Then I thought about it for a while. Looked back over some of the old chapters. Started writing. It’s been over a week since I’ve been able to work on it, so it’s not exactly fresh, nor precisely stale. And this is supposed to be a somewhat major plot point, so I’ve had the idea for it for a while. It just hasn’t been coming together. The last stab taken at it was full of dumb. It had to die. So the newest attempt is in process.

    Once things get going, it’s not so bad. If I can get another weekend where I can put out another 20,000 words or so, I can rebuild the chapter backlog again in case of (another) future snafu. Sometimes I have to commit to writing crap. Crap that will never, not ever be in the story, but which gets me back into the writing of the story. If that makes any sense.

    Still feels like I am fooling myself into writing. Which is wrong. But if it works…

    1. I don’t think it’s fooling yourself into writing: You’re exploring the problem in prose. It may be less scientific than Edison and his lightbulb filament, but that’s alright. Sometimes your brain needs to hash something out. What? I’m not in your head so don’t know.

  8. Can’t say I have a lot of experience with this yet. Overall, what is hosting things on the fight scene? To much going on? Not sure how it gets resolved? Is a character balking at the whole thing? Not sure what it looks like from the characters’ perspectives?

    I know Larry Corriea and David Drake have excellent battle scenes. Might be worth reading through a few of theirs for ideas?

    1. For some fight scenes, I read (or reread) accounts of actual fights and battles. That gives me an overall framework to work detail, personality, and emotion into. I was also fortunate that I have done some basic fencing (both foil/rapier/saber and stage fencing [Renaissance Italian and English]) and riding, plus a little training in stick-fighting and knife stuff, so my body knows what can and can’t be done in a general sense. Not every fight scene needs a blow-by-blow description, but having an idea of, oh, “can I do this without violating the laws of physics and anatomy both?” is a big help.

      1. One of the other things I’ve noticed is that the same flight is very different from the perspective of a neophyte vs an experienced combatant.

        The neophyte typically seems to eh overloaded by the sensory inputs: sounds, smells, screams. By contrast, the experiences combatants will have filtered things down to the essential information.

        I’ve been playing a VR action flight game a lot lately, on the hardest difficulty, and I notice, I’m generally paying attention to very specific things, the AoA ladder, the missile warning indicator, the counter measures cycle time, and the weapons symbology.

        Meanwhile, there’re missiles going everywhere, things are exploding all over the place, everybody is yelling, laser beams are going everywhere, and, I genuinely don’t care, as long as it’s not going to hit me. About the only thing that triggers an oh oh oh is the realization that that thing in front of me is a suspension bridge that I’m about to smack into at 1000 knots…. I missed it.

  9. “Where was I trying to go with this? What was the point of this story/fragment/scene?” That gives me a sense of 1) what I can do with the chunk and 2) where I might have gone wrong. Sometimes I left the bit in the dead-ideas file. Other times I changed the characters and tucked it into a different book or series.

  10. Do any of you have a better, smoother process for reading back in to a work that was no longer in progress?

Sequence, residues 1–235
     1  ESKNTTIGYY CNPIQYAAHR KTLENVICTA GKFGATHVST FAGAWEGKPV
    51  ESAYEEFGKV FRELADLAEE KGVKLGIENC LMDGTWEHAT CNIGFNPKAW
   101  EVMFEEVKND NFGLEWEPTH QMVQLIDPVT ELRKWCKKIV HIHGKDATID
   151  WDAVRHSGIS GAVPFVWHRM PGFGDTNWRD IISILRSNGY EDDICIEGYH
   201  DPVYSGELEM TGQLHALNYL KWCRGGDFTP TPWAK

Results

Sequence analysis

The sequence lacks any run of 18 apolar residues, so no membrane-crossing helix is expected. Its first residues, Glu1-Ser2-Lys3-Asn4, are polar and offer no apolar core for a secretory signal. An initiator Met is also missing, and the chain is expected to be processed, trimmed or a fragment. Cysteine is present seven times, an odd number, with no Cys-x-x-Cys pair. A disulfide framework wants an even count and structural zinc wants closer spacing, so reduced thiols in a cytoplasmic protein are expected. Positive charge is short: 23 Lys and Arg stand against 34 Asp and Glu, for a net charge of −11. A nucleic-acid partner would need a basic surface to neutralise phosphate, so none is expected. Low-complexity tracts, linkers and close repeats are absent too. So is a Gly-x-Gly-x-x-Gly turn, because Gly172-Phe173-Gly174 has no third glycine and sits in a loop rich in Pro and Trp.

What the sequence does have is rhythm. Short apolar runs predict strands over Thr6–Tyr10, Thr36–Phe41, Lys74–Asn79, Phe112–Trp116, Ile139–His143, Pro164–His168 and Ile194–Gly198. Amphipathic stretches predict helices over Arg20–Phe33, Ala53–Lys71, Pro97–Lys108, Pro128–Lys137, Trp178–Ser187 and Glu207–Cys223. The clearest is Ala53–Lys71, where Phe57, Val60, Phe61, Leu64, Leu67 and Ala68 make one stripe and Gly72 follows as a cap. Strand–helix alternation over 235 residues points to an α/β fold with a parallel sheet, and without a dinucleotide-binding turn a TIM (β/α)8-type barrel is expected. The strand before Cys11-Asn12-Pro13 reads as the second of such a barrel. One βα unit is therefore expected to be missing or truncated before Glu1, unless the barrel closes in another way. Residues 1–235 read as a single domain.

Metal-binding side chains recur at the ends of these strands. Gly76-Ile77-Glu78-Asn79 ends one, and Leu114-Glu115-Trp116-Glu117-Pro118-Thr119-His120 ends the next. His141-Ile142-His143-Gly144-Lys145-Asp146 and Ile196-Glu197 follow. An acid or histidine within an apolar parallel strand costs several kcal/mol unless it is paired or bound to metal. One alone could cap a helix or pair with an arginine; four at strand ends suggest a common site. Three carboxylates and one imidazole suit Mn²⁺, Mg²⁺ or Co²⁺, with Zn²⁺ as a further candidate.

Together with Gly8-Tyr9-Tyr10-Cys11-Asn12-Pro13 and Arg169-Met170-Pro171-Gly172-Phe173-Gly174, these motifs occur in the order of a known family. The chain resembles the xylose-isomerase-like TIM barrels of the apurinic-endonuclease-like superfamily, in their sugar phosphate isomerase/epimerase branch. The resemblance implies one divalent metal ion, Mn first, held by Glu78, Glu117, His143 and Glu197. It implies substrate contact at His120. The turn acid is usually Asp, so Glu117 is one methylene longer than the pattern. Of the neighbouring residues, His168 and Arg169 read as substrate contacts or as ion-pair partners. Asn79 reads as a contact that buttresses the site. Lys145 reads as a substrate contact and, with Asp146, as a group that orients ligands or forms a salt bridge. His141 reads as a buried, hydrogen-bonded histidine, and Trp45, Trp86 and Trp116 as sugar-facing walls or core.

Sadly I do not. And I wish I did given I am very much at the “ten unfinished things for each finished one”. I have never even read through the one novel I finished.

  11. I have enough paper in my day job to where I basically refuse to deal with it at the polishing/editing stage. Most of my polishing/editing is done in Scrivener.

    Polishing/editing for me looks like this:
    -long period of ignoring the WIP.
    -Do mass find/replace of proper nouns I’ve decided not to use (ie creatures, ships or people I’ve renamed).
    -Do a search for opening bracket symbols to pull out all the bracketed “change this” comments. I dump them into a sort of to-do/brainstorming area at the top of the scrivener project, outside the manuscript area.
    -Read through the whole thing, scene by scene. I will sometimes make minor tweaks at this stage, but this is mostly to get a feel for what needs to be changed at a pacing and character dynamics level, and maybe identify places that need more description. A few minutes before heading off to day job, a few minutes before going to bed: this is probably the most fun part of the writing process and the easiest to fit around other tasks.
    -a period of low-level tweaking and cutting (cut bits get dumped into the research area of the scrivener project, in case I need to repurpose it somewhere), interrupted by periods of ignoring the WIP when I get to something harder, until I force myself to face that piece of rewriting or expansion that I didn’t want to do.
    -It’s about at this stage that scenes get collected into chapters. For my earlier books, I just consulted my own artistic notions of where the chapter breaks should be, but for Shadow Captain, I took a piece of advice I’d read somewhere, and figured out the approximate average chapter length of the most similar Kindle book I’d read (something by Lindsay Buroker, IIRC) and used that for a loose role model.
    -When that’s done, I output it to Word, turn “track changes” on and submit it electronically to whoever’s doing beta-reading and/or proofreading for me. Once I get it back, I approve/disapprove changes as needed, correct any continuity issues anybody noticed, create a linked table of contents, and format to match Kindle’s print templates, and start work on publishing.
    -When I put it like that, it sounds pretty fast, but it is actually slooooow.